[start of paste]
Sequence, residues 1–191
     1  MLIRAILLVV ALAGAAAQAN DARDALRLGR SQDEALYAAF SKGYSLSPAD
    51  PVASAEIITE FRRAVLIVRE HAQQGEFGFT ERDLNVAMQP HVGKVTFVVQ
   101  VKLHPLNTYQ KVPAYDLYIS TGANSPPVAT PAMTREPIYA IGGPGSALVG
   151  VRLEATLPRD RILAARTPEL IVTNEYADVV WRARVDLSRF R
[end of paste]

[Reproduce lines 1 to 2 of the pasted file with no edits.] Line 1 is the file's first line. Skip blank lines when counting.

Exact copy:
Sequence, residues 1–191
     1  MLIRAILLVV ALAGAAAQAN DARDALRLGR SQDEALYAAF SKGYSLSPAD